The proposed buyout provision must have been a monster.
Steve Spurrier, aging mellow like a fine wine?
The irony of Steve Spurrier, noted tormentor of the Georgia Bulldogs as an opposing coach, accepting an award in Georgia didn’t escape notice Thursday night.
Spurrier received an award for career-long contributions to the sport during the College Football Awards show, held at the College Football Hall of Fame in downtown Atlanta and televised nationally on ESPN.
Afterward, a reporter asked Spurrier if he had been tempted to mark the occasion and location by taking one more dig at the Dogs during his in-show remarks.
“I hope me and the Bulldogs are buddies a little bit,” Spurrier replied. “Can’t ever be too big a buddies, though. I’m back working at Florida.”
A buddy? Oh, hells no. Where’s the fun in that?
A few scraps rounded up for the buffet line…
- The 7th Circuit Court of Appeals ruled collegiate athletes cannot be considered university employees and, thus, are not eligible for minimum wage pay. The reasoning was circular, but interestingly, the case didn’t involve athletes in a revenue producing sport and one of the appellate judges appeared to indicate his decision might have been different in that setting.
- Larry Scott isn’t happy with ESPN’s attempt to create a little drama with the fourth spot in the CFP.
- Back up quarterbacks ain’t played (f0r) Alabama, PAWWWLLL.
- Meanwhile, Nick’s gonna check out playing a little Second Chance U for another former Georgia player.
- Tony Barnhart manages to boil playoff expansion down to a simple question: “What’s worse – leaving out one deserving team or putting an undeserving team (or two) in?”
- Schools crapping all over former coaches seems to be a real thing now.
- Two Georgia freshmen make the Freshman All-SEC team. Nauta was an obvious candidate before the season started. Blankenship wasn’t obvious a quarter of the way into the season.
Wistful Bob Bowlsby is the best Bob Bowlsby.
Not gonna happen, Bob.
Evidence in a defamation lawsuit “clearly indicates” the NCAA disregarded the truth to reach a “predetermined conclusion” that former USC assistant coach Todd McNair knew of Reggie Bush’s NCAA violations, according to a ruling Monday by a California appeals court.
The decision from McNair’s defamation lawsuit against the NCAA casts further doubt about whether the Trojans should have been hit with extensive penalties in 2010…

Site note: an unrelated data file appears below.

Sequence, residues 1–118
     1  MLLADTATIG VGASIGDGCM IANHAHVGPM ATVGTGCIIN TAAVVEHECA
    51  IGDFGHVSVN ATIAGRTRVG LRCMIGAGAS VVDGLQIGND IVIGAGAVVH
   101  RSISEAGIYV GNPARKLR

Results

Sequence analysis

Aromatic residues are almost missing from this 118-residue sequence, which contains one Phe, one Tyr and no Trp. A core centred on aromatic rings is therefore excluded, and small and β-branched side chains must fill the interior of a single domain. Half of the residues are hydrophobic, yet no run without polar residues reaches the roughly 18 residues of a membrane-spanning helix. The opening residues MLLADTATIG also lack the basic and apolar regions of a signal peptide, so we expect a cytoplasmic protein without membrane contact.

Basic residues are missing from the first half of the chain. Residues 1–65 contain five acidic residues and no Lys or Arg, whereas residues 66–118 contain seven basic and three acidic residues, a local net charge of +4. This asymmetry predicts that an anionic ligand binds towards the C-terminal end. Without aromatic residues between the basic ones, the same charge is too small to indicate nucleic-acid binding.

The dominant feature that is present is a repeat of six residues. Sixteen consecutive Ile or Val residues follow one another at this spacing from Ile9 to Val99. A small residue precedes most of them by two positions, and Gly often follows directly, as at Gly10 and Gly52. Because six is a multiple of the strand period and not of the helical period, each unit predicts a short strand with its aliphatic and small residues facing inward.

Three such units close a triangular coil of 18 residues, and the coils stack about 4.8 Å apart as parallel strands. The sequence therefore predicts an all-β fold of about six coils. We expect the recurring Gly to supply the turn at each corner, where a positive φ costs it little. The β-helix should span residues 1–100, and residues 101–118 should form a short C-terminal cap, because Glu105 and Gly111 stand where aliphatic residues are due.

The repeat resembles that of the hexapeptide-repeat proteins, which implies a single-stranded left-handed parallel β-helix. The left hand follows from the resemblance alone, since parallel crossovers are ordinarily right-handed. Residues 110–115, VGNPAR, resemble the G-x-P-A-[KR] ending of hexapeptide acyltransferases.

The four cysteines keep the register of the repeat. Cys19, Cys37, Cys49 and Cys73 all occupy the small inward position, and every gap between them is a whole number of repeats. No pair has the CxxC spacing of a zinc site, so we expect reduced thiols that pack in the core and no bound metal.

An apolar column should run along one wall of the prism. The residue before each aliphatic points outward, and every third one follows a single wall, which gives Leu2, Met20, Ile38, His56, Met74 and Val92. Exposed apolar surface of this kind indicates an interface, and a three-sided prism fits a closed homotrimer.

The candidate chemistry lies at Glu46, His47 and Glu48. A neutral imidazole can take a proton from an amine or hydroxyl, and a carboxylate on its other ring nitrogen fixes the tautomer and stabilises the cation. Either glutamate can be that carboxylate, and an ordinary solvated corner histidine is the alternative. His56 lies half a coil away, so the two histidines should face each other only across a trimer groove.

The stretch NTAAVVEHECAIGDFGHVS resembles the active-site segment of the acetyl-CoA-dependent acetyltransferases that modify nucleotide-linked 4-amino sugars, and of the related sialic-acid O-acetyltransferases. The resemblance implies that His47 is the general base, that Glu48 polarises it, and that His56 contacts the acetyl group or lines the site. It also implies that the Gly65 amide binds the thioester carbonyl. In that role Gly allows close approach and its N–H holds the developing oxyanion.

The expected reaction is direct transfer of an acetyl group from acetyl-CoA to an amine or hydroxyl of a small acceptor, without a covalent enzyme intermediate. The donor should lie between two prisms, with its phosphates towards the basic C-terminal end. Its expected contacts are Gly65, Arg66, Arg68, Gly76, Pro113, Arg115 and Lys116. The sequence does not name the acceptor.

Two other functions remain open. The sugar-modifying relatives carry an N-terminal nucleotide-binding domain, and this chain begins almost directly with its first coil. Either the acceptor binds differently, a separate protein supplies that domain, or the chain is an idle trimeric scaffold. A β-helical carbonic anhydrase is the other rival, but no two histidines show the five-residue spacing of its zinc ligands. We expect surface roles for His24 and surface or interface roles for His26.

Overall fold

I’m sure a finding like that will discourage anyone from going after the NCAA ever again.
In a related note, it looks like Art Briles has concluded his coaching career is over.
Former Baylor football coach Art Briles sued three school regents and a vice president for libel and slander Thursday, accusing them of falsely stating he knew of reported assaults and alleged gang rapes by players and didn’t report them.
The lawsuit also asserts that Baylor officials conspired to damage his reputation and keep him from getting another coaching job. The lawsuit additionally seeks damages for emotional distress and likely ending his career as a coach “on any level.”
“Some people think themselves above the law, but the laws of Texas establish accountability for everyone, even renegade, self-dealing regents of a Christian university,” Briles’ lawsuit states.
The odds on this one ever seeing the light of day in open court are minuscule, of course, but Briles didn’t file suit to get his day there. He’s just looking for a little more retirement money.
Even though the four defendants are poised to defeat Briles’s lawsuit, Briles can inflict a good deal of harm on the university before the case is resolved. This is mainly through pretrial discovery. If Briles’s lawsuit advances past an early dismissal, the lawsuit would proceed to pretrial discovery. During discovery, both sides would be required to share sensitive information and also answer difficult and invasive questions while under oath.
Yeah, like that’s ever gonna happen. Neither side wants its dirty laundry aired in public. Too bad; I’ve stocked up on popcorn.
Greg Lake, RIP.
“I know people think we’re pretentious, but it’s really a product of sophistication,” Mr. Lake told New Musical Express in 1973. “To judge pretentiousness, I think you must look at the people behind it and their motives. As a band we’re into trying to advance our instruments — sometimes to a bizarre degree — which obviously puts some people off.”
I say this as someone who went through an ELP phase in high school — sorry, Greg, but you guys were pretentious. Doesn’t mean I didn’t buy my share of King Crimson…
… and ELP albums, though.
The man did have some pipes.
Man, that whole progressive rock thing seems so long ago now. Probably because it was.